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Suzanne Valadon: The Mistress of Montmartre

By Béa Aaronson

Muse, model, lover, artist…she was all that and more!
“She seized what she
Wanted from art and life,
And tore it free with both
Hands making it
Irrevocably her own.”
–Germaine Greer

This woman painted like a man, strong, bold, nothing shy of a Degas or a Toulouse Lautrec! But alas, she is too often only remembered as the mother of the most famous Montmartre painter, the neurotic and alcoholic Maurice Utrillo, or the muse and model of Puvis de Chavannes, Auguste Renoir, Modigliani, or the mistress of Toulouse Lautrec, to name a few of the great masters she inspired. Did you know Erik Satie composed his melancholic and mysterious Gymnopédies after she broke off their amorous relationship?

“Suzanne Valadon: The Mistress of Montmartre”
Wed, Mar 6, 4:30pm
La Ostra Roja
A Casa Verde Annex
San Jorge 45 (off Refugio)
120 pesos
Please make your reservations early

Suzanne Valadon painted like she lived, passionately, unbridled, independent, strong willed, and self-determined. La Valadon, as she was called, was part of a circle of artists living and working in Paris’s Montmartre neighborhood at the turn of the 20th century, a moment in French history known as La Belle Epoque. She was one of the most notable female artists of the period, and my presentation will honor her and put her back where she belongs, among the greats.

Yes. She did live a ferocious, scandalous life. Oblivious of gossip, only focusing on love, life and art. Or… should it be art, love and life? But aren’t these three energies truly one same force? She was an eccentric too! Feeding caviar to her cats on Fridays and her “bad drawings” to a goat she kept in her studio!

Suzanne Valadon was born poor, out of wedlock, in 1865 in the Limousin region of France. Her mother was a laundress. A single mother in the puritanical provinces just does not do it! So, both mother and 5-year-old Marie Clémentine (that was her real name, it is Toulouse-Lautrec who called her Suzanne) left for the anonymous life of Paris. Marie Clémentine was a rebellious child, very independent, and very resourceful too. From age nine on she supported herself by doing odd jobs: nanny, street seller, and… circus acrobat! She did it until she fell off the trapeze when she was 16. Her body was strongly built and beautiful and, looking for a safer occupation, she became an artist’s model. The rest is history!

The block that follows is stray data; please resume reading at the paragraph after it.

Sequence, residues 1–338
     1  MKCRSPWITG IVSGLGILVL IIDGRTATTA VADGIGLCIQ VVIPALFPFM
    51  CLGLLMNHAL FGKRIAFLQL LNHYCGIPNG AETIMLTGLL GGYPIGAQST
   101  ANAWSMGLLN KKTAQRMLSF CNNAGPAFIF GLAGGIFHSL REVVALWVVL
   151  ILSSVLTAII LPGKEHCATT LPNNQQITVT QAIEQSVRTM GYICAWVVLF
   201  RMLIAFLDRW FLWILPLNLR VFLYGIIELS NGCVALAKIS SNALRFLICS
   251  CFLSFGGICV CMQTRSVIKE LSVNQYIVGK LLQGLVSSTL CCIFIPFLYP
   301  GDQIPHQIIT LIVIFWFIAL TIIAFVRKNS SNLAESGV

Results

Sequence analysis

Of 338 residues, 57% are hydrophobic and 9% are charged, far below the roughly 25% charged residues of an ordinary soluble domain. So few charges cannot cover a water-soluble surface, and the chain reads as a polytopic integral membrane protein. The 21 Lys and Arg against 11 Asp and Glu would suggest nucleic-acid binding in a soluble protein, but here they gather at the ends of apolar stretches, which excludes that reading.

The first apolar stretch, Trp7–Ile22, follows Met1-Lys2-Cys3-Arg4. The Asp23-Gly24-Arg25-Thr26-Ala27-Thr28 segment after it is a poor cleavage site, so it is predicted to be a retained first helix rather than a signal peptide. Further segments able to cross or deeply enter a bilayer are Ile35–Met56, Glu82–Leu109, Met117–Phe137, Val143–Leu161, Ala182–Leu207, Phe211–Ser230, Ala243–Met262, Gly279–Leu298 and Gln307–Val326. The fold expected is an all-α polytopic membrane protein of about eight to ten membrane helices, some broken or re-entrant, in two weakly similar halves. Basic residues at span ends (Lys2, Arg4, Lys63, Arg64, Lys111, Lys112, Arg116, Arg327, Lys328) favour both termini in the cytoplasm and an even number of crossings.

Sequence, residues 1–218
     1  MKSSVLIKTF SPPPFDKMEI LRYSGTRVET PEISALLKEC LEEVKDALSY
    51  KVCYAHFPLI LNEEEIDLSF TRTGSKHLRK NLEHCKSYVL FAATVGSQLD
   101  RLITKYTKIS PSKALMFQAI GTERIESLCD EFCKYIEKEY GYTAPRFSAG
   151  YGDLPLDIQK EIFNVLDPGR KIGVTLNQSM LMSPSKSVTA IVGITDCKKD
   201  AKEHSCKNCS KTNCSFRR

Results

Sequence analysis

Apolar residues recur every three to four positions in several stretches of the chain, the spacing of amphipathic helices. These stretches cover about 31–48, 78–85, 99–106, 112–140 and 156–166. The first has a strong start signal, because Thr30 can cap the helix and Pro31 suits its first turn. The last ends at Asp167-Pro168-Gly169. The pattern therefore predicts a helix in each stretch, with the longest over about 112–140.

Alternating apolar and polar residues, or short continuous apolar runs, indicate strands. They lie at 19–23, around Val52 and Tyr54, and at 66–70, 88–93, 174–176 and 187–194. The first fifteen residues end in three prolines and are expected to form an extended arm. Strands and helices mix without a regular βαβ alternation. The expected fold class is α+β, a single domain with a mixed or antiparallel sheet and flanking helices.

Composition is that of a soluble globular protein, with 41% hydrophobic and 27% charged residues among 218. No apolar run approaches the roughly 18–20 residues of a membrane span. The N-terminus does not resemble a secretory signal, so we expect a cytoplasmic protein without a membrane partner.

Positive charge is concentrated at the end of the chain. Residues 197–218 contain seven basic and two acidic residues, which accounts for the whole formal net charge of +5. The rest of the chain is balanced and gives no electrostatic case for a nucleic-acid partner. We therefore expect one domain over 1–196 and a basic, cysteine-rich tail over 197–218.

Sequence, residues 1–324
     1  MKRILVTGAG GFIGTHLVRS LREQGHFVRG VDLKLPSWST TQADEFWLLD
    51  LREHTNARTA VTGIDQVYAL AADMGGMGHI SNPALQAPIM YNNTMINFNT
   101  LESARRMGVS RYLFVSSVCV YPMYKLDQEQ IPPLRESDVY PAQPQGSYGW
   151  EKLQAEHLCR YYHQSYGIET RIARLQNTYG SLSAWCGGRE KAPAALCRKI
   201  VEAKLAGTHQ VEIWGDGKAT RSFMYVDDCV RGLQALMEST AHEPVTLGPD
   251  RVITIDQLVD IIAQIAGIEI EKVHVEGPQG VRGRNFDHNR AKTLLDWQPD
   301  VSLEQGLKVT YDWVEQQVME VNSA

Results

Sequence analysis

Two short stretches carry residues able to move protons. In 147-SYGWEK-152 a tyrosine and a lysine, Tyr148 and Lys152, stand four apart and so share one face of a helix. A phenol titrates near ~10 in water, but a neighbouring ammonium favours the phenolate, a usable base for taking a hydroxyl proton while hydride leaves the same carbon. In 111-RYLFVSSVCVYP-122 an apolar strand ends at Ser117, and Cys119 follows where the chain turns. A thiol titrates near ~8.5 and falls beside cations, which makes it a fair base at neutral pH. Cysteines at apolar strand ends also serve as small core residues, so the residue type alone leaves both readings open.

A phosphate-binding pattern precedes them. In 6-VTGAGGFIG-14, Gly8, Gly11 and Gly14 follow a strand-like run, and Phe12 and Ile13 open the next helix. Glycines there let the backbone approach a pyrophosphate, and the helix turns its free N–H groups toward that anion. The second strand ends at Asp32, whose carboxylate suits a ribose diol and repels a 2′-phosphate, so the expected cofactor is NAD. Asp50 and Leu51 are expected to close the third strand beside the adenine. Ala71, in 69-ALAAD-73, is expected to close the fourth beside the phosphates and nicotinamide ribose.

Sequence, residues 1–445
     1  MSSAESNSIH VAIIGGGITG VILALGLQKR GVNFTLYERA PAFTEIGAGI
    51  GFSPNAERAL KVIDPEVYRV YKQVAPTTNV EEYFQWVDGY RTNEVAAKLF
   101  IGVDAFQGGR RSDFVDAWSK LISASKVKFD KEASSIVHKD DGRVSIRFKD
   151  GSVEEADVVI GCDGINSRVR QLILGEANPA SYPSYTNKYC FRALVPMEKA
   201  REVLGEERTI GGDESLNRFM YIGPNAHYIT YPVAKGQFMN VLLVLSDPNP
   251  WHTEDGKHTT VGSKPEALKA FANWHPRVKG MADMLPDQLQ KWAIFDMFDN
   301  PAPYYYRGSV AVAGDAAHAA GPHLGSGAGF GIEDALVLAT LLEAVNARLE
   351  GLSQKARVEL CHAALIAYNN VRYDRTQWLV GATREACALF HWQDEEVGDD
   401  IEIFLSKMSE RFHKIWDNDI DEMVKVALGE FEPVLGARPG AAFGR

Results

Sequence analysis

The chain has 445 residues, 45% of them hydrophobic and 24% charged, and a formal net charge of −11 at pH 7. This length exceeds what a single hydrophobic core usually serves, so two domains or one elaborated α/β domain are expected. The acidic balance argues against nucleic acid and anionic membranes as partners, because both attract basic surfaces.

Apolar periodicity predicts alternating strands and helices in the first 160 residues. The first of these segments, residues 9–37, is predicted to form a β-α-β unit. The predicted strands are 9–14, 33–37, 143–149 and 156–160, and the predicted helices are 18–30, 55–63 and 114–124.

Suzanne Valadon, the self-taught artist, observed carefully the techniques of the artists for whom she was posing and began creating her own paintings. Her efforts were especially encouraged by Edgar Degas. She painted everything! Portraits, landscapes, cats, flowers and still-lifes, but it is her female nudes that created scandals! They were assertive and unashamedly naked, oozing a bold female sexuality that challenged the traditional male construction of passive femininity. She also dared paint naked males — in the company of naked females.You can just imagine! Albeit because, or thanks to, these scandals, Valadon achieved recognition and success in her own lifetime, allowing her to buy her own house in Paris. It is art history who forgot her!

I will be honored to repair this mistake and share with you Suzanne Valadon’s life and work, contextualized within the Paris of La Belle Epoque and Montmartre’s bohemian life. Be ready for a deliciously bumpy ride!


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